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T1 - Compliance with the recommendations for 2 doses of trivalent inactivated influenza vaccine in children less than 9 years of age receiving influenza vaccine for the first time

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AU - Jackson, Lisa A.

AU - Neuzil, Kathleen M.

AU - Baggs, James

AU - Davis, Robert

AU - Black, Steve

AU - Yamasaki, Kristi M.

AU - Belongia, Ed

AU - Zangwill, Kenneth M.

AU - Mullooly, John

AU - Nordin, James

AU - Marcy, S. Michael

AU - DeStefano, Frank

PY - 2006/11/1

Y1 - 2006/11/1

N2 - OBJECTIVES. Children <9 years of age do not respond optimally to a first dose of trivalent inactivated influenza vaccine, and so 2 doses of trivalent inactivated influenza vaccine are recommended for children <9 years of age who are being vaccinated for the first time. We conducted a population-based retrospective cohort study to evaluate compliance with the 2-dose trivalent inactivated influenza vaccine recommendations. POPULATION AND SETTING. We evaluated 125 928 children 6 months through 8 years of age who were enrolled in health maintenance organizations in the United States participating in the Vaccine Safety Datalink project and who received their first dose of trivalent inactivated influenza vaccine in the 2001-2002, 2002-2003, or 2003-2004 influenza seasons. RESULTS. Compliance with the 2 dose recommendations varied by age group and influenza season. Among children 6 to 23 months of age, the proportion of first-vaccinated children who received a second vaccination was 44% in 2001-2002, 54% in 2002-2003, and 29% in 2003-2004. Among children 2 to 8 years of age, the corresponding proportions were 15%, 24%, and 12%, respectively. In all seasons, compliance with the second vaccination was highest in children first vaccinated by mid-November. CONCLUSIONS. The majority of children who received their first dose of trivalent inactivated influenza vaccine did not complete the 2-dose series. The recently expanded recommendation for universal vaccination of children 6 to 59 months of age and their household contacts will substantially increase the number of children targeted for a first influenza vaccination. Noncompliance with the 2-dose trivalent inactivated influenza vaccine series may be associated with suboptimal protection against infection, which may impact the magnitude of the direct and indirect benefits achieved by the vaccination program.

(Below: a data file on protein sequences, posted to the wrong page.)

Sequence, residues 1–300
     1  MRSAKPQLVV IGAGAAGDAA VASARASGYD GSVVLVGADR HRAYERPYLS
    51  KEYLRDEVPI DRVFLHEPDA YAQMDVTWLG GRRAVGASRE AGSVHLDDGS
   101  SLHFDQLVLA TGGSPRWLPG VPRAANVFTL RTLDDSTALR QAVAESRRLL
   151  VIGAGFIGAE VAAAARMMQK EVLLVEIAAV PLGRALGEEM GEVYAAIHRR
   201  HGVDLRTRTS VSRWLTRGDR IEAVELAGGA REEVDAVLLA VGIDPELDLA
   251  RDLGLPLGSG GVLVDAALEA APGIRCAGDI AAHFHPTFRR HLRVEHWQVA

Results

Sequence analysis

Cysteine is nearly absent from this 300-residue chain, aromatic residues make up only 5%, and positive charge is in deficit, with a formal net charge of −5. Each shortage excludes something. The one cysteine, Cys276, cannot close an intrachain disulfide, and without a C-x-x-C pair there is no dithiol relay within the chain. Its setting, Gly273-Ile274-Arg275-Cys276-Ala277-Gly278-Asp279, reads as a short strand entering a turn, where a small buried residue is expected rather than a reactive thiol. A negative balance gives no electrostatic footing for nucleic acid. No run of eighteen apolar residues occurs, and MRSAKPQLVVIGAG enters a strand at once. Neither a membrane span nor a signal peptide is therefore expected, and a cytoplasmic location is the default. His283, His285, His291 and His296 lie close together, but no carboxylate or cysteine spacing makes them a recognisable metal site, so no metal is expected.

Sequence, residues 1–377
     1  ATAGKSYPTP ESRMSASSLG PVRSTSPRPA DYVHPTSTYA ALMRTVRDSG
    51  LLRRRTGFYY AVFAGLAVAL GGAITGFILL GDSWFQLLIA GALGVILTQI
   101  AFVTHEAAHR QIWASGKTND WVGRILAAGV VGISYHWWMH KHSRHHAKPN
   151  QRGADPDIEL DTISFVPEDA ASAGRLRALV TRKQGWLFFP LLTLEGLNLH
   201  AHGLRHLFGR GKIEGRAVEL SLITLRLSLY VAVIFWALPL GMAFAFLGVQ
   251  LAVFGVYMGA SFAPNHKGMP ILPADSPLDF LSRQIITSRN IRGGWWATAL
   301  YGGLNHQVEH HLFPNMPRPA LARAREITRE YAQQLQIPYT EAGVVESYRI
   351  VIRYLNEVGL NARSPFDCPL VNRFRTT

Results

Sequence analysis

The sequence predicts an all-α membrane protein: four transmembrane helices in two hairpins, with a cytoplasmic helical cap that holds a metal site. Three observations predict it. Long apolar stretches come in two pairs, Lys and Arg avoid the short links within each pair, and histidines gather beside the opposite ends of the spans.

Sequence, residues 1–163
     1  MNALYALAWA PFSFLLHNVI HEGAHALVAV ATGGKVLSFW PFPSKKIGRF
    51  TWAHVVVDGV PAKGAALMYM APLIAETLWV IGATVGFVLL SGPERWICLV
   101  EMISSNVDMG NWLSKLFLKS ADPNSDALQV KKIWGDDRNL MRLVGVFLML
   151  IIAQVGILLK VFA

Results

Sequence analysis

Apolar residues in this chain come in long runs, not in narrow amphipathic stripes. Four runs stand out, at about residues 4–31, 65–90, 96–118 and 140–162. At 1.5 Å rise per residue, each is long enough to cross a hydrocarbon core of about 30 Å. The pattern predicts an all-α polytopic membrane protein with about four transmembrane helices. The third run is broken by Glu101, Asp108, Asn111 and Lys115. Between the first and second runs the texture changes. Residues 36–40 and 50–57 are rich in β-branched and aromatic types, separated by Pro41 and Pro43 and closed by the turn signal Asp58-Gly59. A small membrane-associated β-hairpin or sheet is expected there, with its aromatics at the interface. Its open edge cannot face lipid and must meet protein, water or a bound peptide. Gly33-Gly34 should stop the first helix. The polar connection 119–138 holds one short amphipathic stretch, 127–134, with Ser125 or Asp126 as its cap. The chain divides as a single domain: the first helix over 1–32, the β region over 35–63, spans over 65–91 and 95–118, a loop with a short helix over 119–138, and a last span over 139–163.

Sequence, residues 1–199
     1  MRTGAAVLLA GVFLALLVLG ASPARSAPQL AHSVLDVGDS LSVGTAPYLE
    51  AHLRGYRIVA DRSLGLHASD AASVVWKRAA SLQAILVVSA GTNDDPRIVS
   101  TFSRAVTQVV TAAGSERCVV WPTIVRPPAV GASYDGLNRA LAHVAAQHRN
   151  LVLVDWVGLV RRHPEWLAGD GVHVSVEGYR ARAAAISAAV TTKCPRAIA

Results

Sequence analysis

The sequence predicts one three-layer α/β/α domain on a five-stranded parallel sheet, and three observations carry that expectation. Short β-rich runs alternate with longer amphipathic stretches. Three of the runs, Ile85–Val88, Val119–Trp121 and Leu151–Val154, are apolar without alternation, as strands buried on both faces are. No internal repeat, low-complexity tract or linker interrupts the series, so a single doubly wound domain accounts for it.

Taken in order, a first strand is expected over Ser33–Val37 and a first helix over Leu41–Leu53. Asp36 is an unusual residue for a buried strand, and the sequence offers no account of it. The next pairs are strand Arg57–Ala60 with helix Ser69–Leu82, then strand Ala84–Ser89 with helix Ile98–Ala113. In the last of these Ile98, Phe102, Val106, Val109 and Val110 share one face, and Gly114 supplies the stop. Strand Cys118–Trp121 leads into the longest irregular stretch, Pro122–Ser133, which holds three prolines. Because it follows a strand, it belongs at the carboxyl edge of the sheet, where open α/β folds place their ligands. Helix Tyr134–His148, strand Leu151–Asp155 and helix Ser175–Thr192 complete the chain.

AB - OBJECTIVES. Children <9 years of age do not respond optimally to a first dose of trivalent inactivated influenza vaccine, and so 2 doses of trivalent inactivated influenza vaccine are recommended for children <9 years of age who are being vaccinated for the first time. We conducted a population-based retrospective cohort study to evaluate compliance with the 2-dose trivalent inactivated influenza vaccine recommendations. POPULATION AND SETTING. We evaluated 125 928 children 6 months through 8 years of age who were enrolled in health maintenance organizations in the United States participating in the Vaccine Safety Datalink project and who received their first dose of trivalent inactivated influenza vaccine in the 2001-2002, 2002-2003, or 2003-2004 influenza seasons. RESULTS. Compliance with the 2 dose recommendations varied by age group and influenza season. Among children 6 to 23 months of age, the proportion of first-vaccinated children who received a second vaccination was 44% in 2001-2002, 54% in 2002-2003, and 29% in 2003-2004. Among children 2 to 8 years of age, the corresponding proportions were 15%, 24%, and 12%, respectively. In all seasons, compliance with the second vaccination was highest in children first vaccinated by mid-November. CONCLUSIONS. The majority of children who received their first dose of trivalent inactivated influenza vaccine did not complete the 2-dose series. The recently expanded recommendation for universal vaccination of children 6 to 59 months of age and their household contacts will substantially increase the number of children targeted for a first influenza vaccination. Noncompliance with the 2-dose trivalent inactivated influenza vaccine series may be associated with suboptimal protection against infection, which may impact the magnitude of the direct and indirect benefits achieved by the vaccination program.